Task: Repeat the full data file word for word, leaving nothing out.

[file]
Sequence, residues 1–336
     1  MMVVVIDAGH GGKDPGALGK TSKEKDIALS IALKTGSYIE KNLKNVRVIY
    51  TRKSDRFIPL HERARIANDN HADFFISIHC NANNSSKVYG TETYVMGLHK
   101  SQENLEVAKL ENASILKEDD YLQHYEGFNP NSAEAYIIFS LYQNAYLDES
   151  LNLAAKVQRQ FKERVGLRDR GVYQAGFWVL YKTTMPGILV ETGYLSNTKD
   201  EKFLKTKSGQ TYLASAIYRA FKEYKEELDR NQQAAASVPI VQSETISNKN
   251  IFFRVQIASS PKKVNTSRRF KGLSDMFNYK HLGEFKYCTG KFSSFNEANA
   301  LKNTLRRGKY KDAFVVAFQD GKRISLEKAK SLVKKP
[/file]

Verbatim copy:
Sequence, residues 1–336
     1  MMVVVIDAGH GGKDPGALGK TSKEKDIALS IALKTGSYIE KNLKNVRVIY
    51  TRKSDRFIPL HERARIANDN HADFFISIHC NANNSSKVYG TETYVMGLHK
   101  SQENLEVAKL ENASILKEDD YLQHYEGFNP NSAEAYIIFS LYQNAYLDES
   151  LNLAAKVQRQ FKERVGLRDR GVYQAGFWVL YKTTMPGILV ETGYLSNTKD
   201  EKFLKTKSGQ TYLASAIYRA FKEYKEELDR NQQAAASVPI VQSETISNKN
   251  IFFRVQIASS PKKVNTSRRF KGLSDMFNYK HLGEFKYCTG KFSSFNEANA
   301  LKNTLRRGKY KDAFVVAFQD GKRISLEKAK SLVKKP